Transmissible Alzheimer’s Disease: What Is a Prion?
A new study suggests that Alzheimer’s proteins may spread in a “prion-like” fashion. So, what is a prion, and how does this finding change what we know about Alzheimer's?
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A new study has reported that a now-banned medical procedure may have unintentionally infected patients with Alzheimer’s disease-causing proteins. Between 1959 and 1985, patients with short stature were offered human growth hormone (hGH) to increase their height. At this time, however, the hormone was extracted from human cadavers. Nearly 2,000 people received this procedure. Many received multiple injections over several years. In 1985, it became apparent that some people had been infected by hGH batches containing prion proteins that caused the fatal neurodegenerative disorder Creutzfeldt-Jakob disease (CJD), also known as “Mad Cow Disease” for its effects on cattle.
Now, researchers report that some of these hGH samples might also have been contaminated with amyloid-beta, a protein thought to be linked to the onset of Alzheimer's disease, the leading form of dementia. Eight patients in the study started developing neurological symptoms of Alzheimer’s when they were aged between 38 and 55. The most common form of Alzheimer's – sporadic Alzheimer’s – affects people later in life. Early onset symptoms are usually linked to a rare genetic form of the condition. However, these patients had no gene markers indicating they might develop this form of the condition.
Instead, the study authors now suggest that the patients are the first cases of iatrogenic Alzheimer's –a form of the disease caused by a medical treatment. They suggest that Alzheimer’s proteins may spread in a “prion-like” fashion. So, what is a prion, and how does this finding change what we know about Alzheimer's?
What are prions?
Prions are malformed versions of protein molecules. Proteins normally fold themselves into complex 3D structures. This helps them bind to other molecules. It is thought that many different proteins can form prion-like arrangements, although one particular protein, called prion protein (PrP) is at the root of many common prion diseases. PrP’s function in the healthy body is not yet known.
How do prions form?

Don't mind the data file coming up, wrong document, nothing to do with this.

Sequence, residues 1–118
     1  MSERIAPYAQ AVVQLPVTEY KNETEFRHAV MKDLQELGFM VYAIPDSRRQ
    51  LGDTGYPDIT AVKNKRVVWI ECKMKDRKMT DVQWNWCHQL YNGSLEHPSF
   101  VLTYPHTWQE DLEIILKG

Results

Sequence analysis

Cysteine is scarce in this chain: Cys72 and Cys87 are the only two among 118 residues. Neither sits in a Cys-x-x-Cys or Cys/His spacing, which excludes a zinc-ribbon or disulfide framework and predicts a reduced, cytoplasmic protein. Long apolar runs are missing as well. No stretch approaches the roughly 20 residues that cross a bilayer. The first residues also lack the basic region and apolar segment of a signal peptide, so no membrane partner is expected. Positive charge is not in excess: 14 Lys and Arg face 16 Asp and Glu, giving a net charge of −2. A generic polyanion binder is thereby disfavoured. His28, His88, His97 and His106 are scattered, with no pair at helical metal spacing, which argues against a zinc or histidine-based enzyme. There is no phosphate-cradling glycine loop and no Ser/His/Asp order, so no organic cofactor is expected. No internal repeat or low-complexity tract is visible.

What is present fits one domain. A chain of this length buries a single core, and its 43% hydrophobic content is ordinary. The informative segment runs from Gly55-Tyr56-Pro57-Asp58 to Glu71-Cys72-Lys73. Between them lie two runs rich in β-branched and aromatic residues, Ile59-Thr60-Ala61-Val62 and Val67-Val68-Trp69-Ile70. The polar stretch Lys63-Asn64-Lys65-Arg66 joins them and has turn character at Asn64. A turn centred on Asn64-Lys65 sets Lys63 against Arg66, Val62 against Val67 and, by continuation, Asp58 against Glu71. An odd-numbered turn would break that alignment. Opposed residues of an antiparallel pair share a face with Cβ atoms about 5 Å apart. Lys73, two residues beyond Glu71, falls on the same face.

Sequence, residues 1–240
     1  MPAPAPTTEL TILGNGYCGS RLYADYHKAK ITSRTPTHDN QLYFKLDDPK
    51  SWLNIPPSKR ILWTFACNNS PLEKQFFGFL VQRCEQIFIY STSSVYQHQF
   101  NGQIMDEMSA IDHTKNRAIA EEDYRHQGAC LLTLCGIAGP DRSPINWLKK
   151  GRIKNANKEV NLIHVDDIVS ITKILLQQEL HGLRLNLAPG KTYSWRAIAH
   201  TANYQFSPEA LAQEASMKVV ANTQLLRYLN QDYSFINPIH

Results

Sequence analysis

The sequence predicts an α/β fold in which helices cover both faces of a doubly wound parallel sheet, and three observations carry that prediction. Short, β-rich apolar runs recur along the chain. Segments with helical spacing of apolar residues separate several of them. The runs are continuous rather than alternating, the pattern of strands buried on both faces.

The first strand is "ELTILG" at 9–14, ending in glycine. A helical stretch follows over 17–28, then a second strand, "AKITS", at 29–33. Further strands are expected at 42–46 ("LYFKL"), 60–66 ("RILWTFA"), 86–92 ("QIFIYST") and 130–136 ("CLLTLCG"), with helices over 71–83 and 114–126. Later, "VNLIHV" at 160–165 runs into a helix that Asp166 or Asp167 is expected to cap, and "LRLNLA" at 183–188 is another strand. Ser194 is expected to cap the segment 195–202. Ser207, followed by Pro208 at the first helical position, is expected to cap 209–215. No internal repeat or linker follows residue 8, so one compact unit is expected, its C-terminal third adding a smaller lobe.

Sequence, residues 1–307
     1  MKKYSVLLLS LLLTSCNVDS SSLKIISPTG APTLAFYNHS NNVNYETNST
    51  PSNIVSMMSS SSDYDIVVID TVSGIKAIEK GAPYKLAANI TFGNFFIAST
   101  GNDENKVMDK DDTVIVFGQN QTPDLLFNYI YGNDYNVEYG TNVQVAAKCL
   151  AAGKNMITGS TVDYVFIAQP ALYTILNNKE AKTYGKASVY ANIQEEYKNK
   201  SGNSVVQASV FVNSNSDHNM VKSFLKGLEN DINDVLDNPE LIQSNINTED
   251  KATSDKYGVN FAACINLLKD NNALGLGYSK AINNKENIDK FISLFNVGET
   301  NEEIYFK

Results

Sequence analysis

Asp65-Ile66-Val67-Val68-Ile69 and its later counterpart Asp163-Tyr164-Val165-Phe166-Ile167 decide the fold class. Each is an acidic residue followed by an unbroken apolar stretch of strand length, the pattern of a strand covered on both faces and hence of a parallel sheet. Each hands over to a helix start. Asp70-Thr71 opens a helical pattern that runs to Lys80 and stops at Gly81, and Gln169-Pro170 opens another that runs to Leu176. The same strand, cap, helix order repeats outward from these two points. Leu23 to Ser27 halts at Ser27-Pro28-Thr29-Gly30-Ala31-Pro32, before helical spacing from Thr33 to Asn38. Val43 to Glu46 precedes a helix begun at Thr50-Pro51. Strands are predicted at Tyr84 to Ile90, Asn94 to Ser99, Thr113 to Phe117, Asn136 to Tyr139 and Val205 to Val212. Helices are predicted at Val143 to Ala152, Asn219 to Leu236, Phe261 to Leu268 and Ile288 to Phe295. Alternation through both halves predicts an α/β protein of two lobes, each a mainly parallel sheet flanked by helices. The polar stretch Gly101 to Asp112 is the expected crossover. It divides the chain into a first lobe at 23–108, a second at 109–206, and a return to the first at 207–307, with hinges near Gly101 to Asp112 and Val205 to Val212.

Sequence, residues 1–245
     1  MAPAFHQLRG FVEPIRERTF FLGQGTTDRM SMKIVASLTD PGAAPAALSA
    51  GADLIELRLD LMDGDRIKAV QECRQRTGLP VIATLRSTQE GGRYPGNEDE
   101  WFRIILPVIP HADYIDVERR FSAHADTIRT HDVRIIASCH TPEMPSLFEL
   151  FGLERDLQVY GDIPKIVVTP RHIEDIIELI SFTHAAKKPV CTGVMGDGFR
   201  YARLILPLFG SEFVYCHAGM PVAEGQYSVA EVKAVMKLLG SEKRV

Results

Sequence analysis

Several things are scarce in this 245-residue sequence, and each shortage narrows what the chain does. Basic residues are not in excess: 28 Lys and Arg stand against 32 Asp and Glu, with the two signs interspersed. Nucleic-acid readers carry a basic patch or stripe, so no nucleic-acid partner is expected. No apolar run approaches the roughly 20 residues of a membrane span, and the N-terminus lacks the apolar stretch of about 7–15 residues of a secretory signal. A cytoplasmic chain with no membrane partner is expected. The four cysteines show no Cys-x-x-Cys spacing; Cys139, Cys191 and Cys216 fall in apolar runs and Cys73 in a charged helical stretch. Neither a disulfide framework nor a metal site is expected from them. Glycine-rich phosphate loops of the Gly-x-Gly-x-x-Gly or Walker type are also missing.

The key event that kicks off prion formation and disease is the conversion of a normal protein – often PrP – into a prion structure. It’s not yet clear what prompts this change, but numerous gene variants have been linked to an increased risk of prion formation. The variant structure is very stable and very infectious. The presence of one prion appears to encourage other proteins to adopt the same conformation by acting as a template to refold the non-infected protein. Within infected tissues, prion proteins spread and bind together into structures called amyloid fibrils. Once they have formed into a prion conformation, it is incredibly hard to destroy the protein structure, meaning fibrils build up inside infected tissues.
What are prion diseases?
Prion diseases, like CJD, scrapie and kuru, tend to affect the brain and nervous system. Once amyloid fibrils made up of prion proteins start spreading through the brain, cells begin to break down, resulting in behavioral changes like dementia, movement disorders and ultimately death. Prion diseases have three classifications, depending on how the disease was spread. These are:
In humans, sporadic disease is the most common form of prion disease – 85% of CJD cases are sporadic. Mutations in the PRNP gene that codes for PrP can cause inherited, genetic versions of these diseases. Acquired disease is very rare. One disease, kuru, has been noted in the Fore people of Papua New Guinea, who were thought to have been infected through their practice of ritualistic cannibalism, which continued up until the 1960s. These conditions often have an asymptomatic period, which can last for decades. Prions diseases are zoonotic and can move between infected animals and humans, although this is a rare occurrence.
Iatrogenic prion disease is rare but made possible because prions resist breakdown during normal decontamination procedures. A recent study even found that immersion of 40% household bleach for five minutes was ineffective at preventing some forms of prion spread.
Is Alzheimer's a prion disease?
The new study showing that Alzheimer’s disease can be acquired is just the latest piece of evidence linking the condition to prion disease. Alzheimer’s disease shares many of the same features:
- Proteins – amyloid beta and tau – are at the root of Alzheimer's pathology.
- These proteins spread throughout the brain like misfolded PrP.
- Amyloid beta forms into fibrils and sheets, like misfolded PrP.
- Alzheimer’s disease is usually sporadic but can be inherited. The latest study shows that it can also be acquired in humans.
One piece of evidence that argues against this theory is the observation that amyloid oligomers – small chunks of aggregated protein that have not formed into fibrils – appear to drive Alzheimer’s disease. Stanley B. Prusiner, director of the Institute for Neurodegenerative Diseases at the University of California, San Francisco (UCSF), has put his weight behind the idea that Alzheimer’s disease is a “double prion” disease – where both amyloid beta and tau “destroy the brain”. Prusiner, who received the 1994 Nobel Prize for his work in prions, said in a press release that this recognition should provoke a “major change” in Alzheimer’s research. Whether news of a medically acquired form of Alzheimer’s will bring that change closer remains to be seen.